You're definietely a classcal schooler, whereas we are so very eclectic. We do a great deal of the classics in literature...will of course do Greek and Latin, but we also use Saxon for math, A/O for science and on and on. DS has attention deficit (in other words - he's a BOY) and so do I (most decidedly NOT because I'm a BOY!) so we tend to jump around a lot.

Don't beat yourself up too much if you don't adhere to a rigid schedule. Your children are quite young...we did our best at that age to keep it light and fun. Pretty much what you seem to do instinctively, on a daily basis.

Don't worry...it's be fine. Have a FANTASTIC trip. We can't wait to "eavesdrop", lol.

Mrs. Pharris said...

Duh, I didn't comment on the one book! Pain, I'm in pain!

I love the "Little House" book. What a gem it is - showing that women can 'have their mind' yet be in a godly, submissive, wifely role to their husband.

Mrs. Wilder was an exceptional woman. I surely would love to have met her if only for a moment.

Elizabeth said...

Unfortunately, dear sis, I've never read any of the books you've listed. WHEN I have time (when is the key word) I, like Andie get sucked into the Christian Fiction/Christian Romance novels. The one I am definately going to keep my eyes open for though, Is the Little House in the Ozarks! Laura Ingalls Wilder has always been a "hero" of mine and I would love to sit down and read that one for sure!!!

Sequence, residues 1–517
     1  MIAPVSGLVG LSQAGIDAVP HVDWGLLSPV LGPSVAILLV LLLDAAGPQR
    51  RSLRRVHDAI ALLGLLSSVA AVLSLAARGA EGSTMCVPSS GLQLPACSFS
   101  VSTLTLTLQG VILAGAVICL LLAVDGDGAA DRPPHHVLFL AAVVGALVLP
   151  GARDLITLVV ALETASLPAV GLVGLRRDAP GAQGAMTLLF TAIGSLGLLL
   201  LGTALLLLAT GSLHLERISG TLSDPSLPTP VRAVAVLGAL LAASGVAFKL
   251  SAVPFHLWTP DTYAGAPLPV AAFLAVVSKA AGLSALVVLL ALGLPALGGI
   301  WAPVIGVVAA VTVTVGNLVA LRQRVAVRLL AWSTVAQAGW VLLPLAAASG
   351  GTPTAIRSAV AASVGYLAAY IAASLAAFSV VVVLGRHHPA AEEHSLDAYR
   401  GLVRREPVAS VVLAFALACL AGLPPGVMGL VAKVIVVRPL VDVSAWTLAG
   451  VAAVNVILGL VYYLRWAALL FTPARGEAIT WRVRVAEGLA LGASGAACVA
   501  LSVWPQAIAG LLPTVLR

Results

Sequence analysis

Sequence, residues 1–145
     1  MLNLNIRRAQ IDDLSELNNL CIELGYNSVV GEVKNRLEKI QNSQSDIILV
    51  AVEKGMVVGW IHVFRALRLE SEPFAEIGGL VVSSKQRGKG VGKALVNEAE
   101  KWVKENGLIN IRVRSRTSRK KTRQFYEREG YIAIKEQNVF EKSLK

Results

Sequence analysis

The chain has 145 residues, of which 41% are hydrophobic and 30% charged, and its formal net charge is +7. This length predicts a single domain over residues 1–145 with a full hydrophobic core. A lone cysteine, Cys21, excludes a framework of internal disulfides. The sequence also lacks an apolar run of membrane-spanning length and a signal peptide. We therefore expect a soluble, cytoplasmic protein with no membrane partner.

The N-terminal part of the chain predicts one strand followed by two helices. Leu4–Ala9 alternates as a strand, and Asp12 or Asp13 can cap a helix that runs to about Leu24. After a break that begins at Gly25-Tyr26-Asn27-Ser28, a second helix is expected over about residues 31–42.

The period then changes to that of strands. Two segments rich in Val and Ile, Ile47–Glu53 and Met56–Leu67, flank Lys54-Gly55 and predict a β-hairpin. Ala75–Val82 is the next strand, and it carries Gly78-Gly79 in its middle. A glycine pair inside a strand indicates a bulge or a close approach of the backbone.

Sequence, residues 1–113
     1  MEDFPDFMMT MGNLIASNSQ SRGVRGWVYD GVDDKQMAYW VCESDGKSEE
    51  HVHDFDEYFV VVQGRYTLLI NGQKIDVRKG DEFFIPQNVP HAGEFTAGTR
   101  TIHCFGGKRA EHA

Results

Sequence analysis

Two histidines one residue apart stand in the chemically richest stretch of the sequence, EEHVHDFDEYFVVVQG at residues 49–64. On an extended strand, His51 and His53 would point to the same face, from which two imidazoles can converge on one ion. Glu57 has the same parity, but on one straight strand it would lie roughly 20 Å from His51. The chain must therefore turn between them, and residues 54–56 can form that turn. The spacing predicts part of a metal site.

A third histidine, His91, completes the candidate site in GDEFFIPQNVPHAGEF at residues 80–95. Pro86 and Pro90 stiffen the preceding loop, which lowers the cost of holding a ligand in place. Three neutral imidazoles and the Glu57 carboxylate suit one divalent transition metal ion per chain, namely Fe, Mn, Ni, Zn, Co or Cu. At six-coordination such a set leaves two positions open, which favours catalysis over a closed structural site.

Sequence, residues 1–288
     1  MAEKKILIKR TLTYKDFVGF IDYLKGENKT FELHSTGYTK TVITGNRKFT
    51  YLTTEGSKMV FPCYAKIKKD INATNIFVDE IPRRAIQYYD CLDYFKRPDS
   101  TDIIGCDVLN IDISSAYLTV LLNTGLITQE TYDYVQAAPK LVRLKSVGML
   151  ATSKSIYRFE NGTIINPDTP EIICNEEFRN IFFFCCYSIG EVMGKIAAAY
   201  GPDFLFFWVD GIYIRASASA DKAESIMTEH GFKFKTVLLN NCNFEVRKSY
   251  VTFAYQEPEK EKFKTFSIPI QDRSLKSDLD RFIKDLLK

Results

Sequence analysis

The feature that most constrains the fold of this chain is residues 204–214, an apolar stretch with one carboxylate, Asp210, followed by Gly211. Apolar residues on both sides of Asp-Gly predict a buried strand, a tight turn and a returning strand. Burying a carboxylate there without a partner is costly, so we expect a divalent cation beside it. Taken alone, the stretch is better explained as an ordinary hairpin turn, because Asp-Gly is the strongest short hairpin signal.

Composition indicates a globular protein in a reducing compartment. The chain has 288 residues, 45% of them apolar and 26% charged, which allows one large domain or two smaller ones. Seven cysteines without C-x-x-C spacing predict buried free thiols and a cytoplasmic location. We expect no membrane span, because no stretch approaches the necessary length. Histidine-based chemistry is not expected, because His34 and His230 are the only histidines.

I can't wait to see the kids in all their glory! Everything you make is beautiful, so I'm sure these costumes will take the cake too!!! My "poor" children are stuck with storebought garage sale specials. Ah well, such is life! :)

Rebecca said...

Barbara~I got the book from Amazon.com. You may also find it at places like Half.com and ebay. It is definately worth the money, In my opinion!

Andie~I really enjoy Christian romance as well. Have you ever heard of Beverly Lewis? She is one of my favorites, writing mainly about the Amish culture. I also enjoy Janette Oke and Lori Wick...in fact the book Sophie's Heart started me off reading these types of books when I was about 13! It was my favorite book of all time for years...